The UK government has called for a “national shift” to flexible working in order to boost productivity and open up more job opportunities to women and those living outside of major cities.
New research published by the government-backed Behavioural Insights Team (BIT) and jobs website Indeed showed that offering flexible working in job ads could increase applications by up to 30%.
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The research, which analyzed nearly 20 million applications in the UK, indicated that greater transparency in job adverts would add at least 174,000 flexible jobs to the UK economy per year.
Following the publication of the results, Liz Truss, the UK Minister for Women and Equalities, said flexible-working arrangements should be made a standard option for UK workers, adding that doing so would help level-up the country while boosting both the productivity and morale of workers.
“Our commitment to flexible working is based on our desire to open up employment opportunities to people regardless of their sex or location,” said Truss.
“The fact is that for many jobs there are invisible restrictions that hold people back – like the need to live in high-cost accommodation close to the center of cities or maintain working arrangements that are very hard to combine with family or other responsibilities.”
“We now have the chance to break down these barriers and boost opportunities for everyone.”
According to the UK government, almost 40% of employees worked from home in 2020.
Since then, appetite for flexible working has grown amongst both employers and employees, with several companies having announced permanent shifts to remote or ‘hybrid’ working arrangements.
The study by BIT and Indeed found that 9 in 10 job-seekers wanted increased flexibility, whether that meant working remotely (60%), flexible hours or ‘flexitime’ (54%), or reduced hours (26%).
Flexible working can be particularly beneficial to women, who Truss noted were more likely to have childcare or other commitments in the home that make working traditional 9 to 5 office roles more challenging.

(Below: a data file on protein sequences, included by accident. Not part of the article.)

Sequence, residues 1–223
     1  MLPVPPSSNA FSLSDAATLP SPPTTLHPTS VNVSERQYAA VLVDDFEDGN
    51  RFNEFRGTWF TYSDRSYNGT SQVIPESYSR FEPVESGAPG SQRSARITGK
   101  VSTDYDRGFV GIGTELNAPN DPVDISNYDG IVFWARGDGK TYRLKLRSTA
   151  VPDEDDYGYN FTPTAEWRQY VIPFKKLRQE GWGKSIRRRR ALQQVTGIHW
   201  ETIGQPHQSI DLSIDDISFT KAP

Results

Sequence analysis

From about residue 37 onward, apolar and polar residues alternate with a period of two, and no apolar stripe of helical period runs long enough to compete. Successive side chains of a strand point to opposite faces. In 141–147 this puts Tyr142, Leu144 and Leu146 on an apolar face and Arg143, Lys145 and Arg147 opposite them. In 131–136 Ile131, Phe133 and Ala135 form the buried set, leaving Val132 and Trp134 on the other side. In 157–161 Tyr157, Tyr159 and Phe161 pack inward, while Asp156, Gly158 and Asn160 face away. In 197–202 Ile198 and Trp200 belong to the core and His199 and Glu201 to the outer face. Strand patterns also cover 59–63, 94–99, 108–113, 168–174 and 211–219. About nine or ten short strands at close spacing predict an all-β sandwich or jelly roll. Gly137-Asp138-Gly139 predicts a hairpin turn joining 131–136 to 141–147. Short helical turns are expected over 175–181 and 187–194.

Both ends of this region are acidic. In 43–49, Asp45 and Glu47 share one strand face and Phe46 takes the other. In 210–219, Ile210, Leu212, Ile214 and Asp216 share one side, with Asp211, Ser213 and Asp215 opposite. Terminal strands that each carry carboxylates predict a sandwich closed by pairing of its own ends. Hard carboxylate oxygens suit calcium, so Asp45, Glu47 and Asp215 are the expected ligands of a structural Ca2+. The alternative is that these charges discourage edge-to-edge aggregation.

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Flexible roles boost applications
In the first stage of testing by BIT and Indeed, 200,000 job postings and over five million job applications on Indeed.co.uk were assessed to determine the impact of job postings that advertised flexible-working options, as well as the number of applications flexible roles received.
When employers were asked to consider whether roles could be offered flexibly, the number of jobs advertised as being flexible options increased by 20%. Flexible-working roles also attracted up to 30% more applicants, the study found.
The second round of testing was performed on a sample size of almost 500,000 job ads, involving over 14 million job applications.
It found that prompts led to a 16.5% increase in jobs offering flexible roles, and a subsequent 19% increase in applications.
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Minister for Women, Baroness Berridge, said: “We continue to see the benefits of flexible working, now more than ever. These findings add to existing evidence showing how both men and women stand to benefit from working from home and returners programmes.
“Our work with Indeed has proven how much benefit there is for employers in advertising flexible roles and how doing so will help to normalize flexible working.”
Various studies indicate that the COVID-19 pandemic and the subsequent shift to remote working have widened the talent pool and encouraged employers to look further afield when considering new candidates.
According to a US study of 608 managers and 401 employees by Infosys and Milken Institute, 88% of companies said their talent pool widened in 2020. Meanwhile, 84% of employees saw increased job opportunities from other geographies because they were able to work remotely.
Respondents also felt they were more productive while working remotely, even as their workloads increased. At the same time, managers surveyed by Infosys and Milken Institute reported feeling highly confident in their employees’ ability to be productive while working from home.
Deepa Somasundari, senior director of strategic projects at Indeed, said that because workers had experienced the benefits of remote working during COVID, there was an “increasing expectation that jobs are designed with this in mind.”
Somasundari added: “For employers, this means reconsidering the notion that flexible work is a benefit, and instead acknowledging it as a better way of working that could positively impact the lives of women, and therefore society as a whole.”